Yes, it's been discussed, and for some time everyone's agreed that future personal vehicles will be laden with electronic components and features that suck power far in excess of today's 12-volt vehicle electrical systems.
But it seems like it's been discussed for a long, long time. Now Siemens AG and Mannesmann VDO AG, to name just two of the suppliers planning a heavy presence in the new age of vehicle electricals, say that they're ready to pull the trigger on 42-volt electrical systems.
Siemens indicates that its first 42-volt starter-alternator-flywheel systems will be supplied for application to vehicles as standard equipment in Europe "in approximately one year."
Meanwhile, Mannesmann - whose Atecs automotive and industrial operations are in the process of being acquired by Siemens and RobertGmbH - also has big plans for 42-volt power, but on a perhaps less-aggressive timeline. And those plans may be altered in light of the Bosch/Siemens presence in Mannesmann's future.
So the Siemens application may be the beginning of the 42-volt "era" unless, as some believe, a Japanese supplier gets to the starting gate first.
Siemens says its system will have peak output of 8 kW, with an efficiency of "more than 80%," which the company says compares with current 12-volt systems' 1.5 kW and a maximum efficiency of 70% that drops to 30% at high speed.
Siemens also says a noteworthy feature of its system is that it is inherently "wear free and maintenance free due to its contactless (brushless) design."
The company expects the system to be used with automatic start-stop vehicle operation for zero fuel use at standstill in traffic; the system also eventually will facilitate the use of electromechanically actuated valves, electric power steering and electrically driven air conditioning systems (requiring about 3 kW).
Although maximum output is 8 kW, Siemens says its system can deliver 15 kW for short peaks.
Just prior to the announcement of the/Siemens/Mannesmann linkup, Eckhart Kern, Mannesmann's vice president - sensors and systems, tells WAW that his company will have its "Dynastart" starter/generator on an upcoming German production car, but probably not before the Siemens system is in production. Mr. Kern believes 42-volt systems will see fitment primarily for newly developed powertrains, where it can be designed in from the start.
Like the Siemens system, Mr. Kern says Dynastart will incorporate a stop-start function and, of course, provide instant engine starting at any time.
Providing enough power for the myriad electrical convenience items vehicles now carry is an increasingly important aspect of 42-volt adoption, says Mr. Kern, as some current vehicles are "pushing the limit" of 12-volt electrical capacity. He says it's not unusual these days to have vehicles where the radio may cut out momentarily under sustained braking, for example, because the overall electrical load is too great.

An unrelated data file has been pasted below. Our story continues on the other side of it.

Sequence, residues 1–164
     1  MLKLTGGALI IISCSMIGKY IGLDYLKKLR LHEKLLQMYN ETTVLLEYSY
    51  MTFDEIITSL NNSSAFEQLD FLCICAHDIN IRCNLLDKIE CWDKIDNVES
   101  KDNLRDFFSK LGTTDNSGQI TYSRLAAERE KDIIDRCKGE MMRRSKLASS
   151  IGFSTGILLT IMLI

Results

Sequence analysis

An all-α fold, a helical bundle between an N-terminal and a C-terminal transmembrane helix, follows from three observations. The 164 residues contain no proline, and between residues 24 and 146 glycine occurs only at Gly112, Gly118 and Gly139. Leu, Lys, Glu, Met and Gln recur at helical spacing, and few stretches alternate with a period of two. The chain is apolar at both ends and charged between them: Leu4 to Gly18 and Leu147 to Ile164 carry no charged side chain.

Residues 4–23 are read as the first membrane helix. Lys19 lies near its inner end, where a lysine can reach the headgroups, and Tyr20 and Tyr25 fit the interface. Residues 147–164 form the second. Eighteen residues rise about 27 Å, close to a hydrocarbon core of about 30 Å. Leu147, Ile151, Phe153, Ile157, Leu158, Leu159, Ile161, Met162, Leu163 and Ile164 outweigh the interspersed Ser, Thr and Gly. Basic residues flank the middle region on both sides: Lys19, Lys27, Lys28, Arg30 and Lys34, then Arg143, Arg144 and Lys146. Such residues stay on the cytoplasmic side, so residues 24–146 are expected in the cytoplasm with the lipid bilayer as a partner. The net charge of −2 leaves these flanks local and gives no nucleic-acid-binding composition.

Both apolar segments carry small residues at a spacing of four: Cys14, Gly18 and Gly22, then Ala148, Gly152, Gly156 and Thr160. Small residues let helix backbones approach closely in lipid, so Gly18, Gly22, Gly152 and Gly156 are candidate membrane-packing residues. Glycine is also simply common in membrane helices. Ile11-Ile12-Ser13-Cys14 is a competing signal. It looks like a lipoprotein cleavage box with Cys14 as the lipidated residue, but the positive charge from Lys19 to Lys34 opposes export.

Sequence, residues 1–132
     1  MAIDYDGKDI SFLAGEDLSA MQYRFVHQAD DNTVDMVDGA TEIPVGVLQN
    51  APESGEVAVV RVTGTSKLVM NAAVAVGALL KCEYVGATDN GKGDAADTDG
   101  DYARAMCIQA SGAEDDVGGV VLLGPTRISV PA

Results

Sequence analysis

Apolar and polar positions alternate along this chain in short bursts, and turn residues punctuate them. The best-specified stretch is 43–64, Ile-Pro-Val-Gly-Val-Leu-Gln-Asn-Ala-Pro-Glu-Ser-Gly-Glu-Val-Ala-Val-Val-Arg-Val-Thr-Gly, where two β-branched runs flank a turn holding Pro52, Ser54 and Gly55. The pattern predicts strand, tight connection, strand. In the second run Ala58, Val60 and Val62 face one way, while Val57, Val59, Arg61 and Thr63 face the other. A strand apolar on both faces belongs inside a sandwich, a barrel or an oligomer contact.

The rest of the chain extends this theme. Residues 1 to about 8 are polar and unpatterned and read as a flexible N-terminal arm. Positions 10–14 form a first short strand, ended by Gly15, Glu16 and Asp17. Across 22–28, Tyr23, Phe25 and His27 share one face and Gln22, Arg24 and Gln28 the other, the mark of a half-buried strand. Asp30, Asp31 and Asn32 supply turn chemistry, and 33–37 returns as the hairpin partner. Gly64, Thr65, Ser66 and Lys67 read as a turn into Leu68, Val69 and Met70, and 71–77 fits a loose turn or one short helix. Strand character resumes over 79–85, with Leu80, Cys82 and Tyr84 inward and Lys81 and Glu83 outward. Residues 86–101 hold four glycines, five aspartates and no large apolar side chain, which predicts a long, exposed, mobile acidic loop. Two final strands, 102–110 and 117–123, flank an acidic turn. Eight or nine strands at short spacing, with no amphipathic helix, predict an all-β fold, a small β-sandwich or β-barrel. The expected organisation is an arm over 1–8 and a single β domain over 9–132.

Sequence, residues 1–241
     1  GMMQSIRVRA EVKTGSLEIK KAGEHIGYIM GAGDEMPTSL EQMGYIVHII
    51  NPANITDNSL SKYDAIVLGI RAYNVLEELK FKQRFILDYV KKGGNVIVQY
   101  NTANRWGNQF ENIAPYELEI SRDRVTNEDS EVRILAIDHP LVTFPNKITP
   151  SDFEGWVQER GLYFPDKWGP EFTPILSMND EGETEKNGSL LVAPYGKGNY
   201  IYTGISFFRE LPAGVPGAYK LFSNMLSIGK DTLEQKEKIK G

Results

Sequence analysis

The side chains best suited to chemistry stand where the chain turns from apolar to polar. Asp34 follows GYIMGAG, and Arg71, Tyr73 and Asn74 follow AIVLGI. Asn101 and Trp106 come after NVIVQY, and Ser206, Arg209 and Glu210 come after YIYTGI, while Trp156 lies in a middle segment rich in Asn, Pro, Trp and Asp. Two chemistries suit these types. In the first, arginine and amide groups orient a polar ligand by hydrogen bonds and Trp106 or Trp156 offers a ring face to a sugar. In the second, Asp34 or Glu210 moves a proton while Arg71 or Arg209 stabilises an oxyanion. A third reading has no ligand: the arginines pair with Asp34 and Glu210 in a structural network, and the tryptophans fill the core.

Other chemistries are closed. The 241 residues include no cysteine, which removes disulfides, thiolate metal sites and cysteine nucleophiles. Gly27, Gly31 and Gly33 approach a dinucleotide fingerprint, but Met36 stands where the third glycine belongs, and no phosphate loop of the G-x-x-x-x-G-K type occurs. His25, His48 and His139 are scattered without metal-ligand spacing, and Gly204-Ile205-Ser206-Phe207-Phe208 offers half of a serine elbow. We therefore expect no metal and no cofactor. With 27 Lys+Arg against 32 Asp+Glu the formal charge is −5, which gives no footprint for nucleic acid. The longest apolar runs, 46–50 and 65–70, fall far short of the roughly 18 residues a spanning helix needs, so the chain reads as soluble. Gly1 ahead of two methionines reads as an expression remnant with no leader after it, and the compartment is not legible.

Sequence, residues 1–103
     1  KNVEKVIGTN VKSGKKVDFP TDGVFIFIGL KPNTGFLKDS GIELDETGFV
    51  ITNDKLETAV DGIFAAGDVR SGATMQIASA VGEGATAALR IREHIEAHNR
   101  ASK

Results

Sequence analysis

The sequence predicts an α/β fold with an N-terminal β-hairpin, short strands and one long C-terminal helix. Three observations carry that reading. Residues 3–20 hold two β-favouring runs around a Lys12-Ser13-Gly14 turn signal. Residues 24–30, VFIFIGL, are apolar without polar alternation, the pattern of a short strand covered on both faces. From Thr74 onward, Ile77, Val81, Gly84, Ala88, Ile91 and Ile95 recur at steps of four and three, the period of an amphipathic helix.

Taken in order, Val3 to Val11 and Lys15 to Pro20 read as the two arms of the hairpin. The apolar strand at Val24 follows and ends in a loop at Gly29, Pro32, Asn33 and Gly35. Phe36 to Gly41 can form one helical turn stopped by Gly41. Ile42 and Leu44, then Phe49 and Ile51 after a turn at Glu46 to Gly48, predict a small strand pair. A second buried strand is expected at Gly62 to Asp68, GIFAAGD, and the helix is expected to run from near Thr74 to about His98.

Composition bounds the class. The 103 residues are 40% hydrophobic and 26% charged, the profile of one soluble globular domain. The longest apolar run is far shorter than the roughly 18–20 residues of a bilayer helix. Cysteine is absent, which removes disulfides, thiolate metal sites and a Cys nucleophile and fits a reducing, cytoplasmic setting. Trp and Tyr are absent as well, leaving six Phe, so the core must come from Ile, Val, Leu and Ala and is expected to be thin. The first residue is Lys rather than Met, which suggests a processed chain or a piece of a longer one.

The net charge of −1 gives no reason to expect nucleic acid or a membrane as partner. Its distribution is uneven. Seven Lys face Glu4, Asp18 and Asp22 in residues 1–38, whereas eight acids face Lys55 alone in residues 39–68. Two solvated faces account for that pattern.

That's why Mannesmann is promoting an interim step, primarily meant for integrating with existing vehicle systems: a DC-to-DC controller and voltage stabilizer that "prioritizes" electrical needs in a hierarchy that ensures important components always get power.
"After all," says Mr. Kern, "you don't want something critical to cut out when you apply the brakes hard."
Mr. Kern says the DC-to-DC converter will be in production sometime next year, helping to bridge the power gap until full-scale 42-volt systems are more prevalent.
"It will be in exclusive cars (to start), but at the end there will be pressure on the industry to adopt 42-volt systems," he asserts.
Forty-two volt's holy grail, he continues, is a possible 20% reduction in engine energy consumption, due mainly to the eventual ability to produce a "beltless" engine in which all ancillaries are electrically driven. Mr. Kern says electro-mechanical valvetrains, electronic power steering (and further out, electric brakes), and an electrically driven water pump are possible right now, but "at the moment, all of these systems are limited by 12-volt capacity." And don't forget the potential to reduce wire gauge throughout the vehicle by two-thirds, and wiring weight by a similar amount.
So when every supplier's eventually offering the "best" 42-volt stuff, what's to choose between them?
"Maximum efficiency," claims Mr. Kern. "Particularly the efficiency of the starter/generator at low speeds." In addition, he believes packaging will be a factor. For example, he says, some current small European vehicles can be fitted with electronic power steering (EPS) and air conditioning - but not both.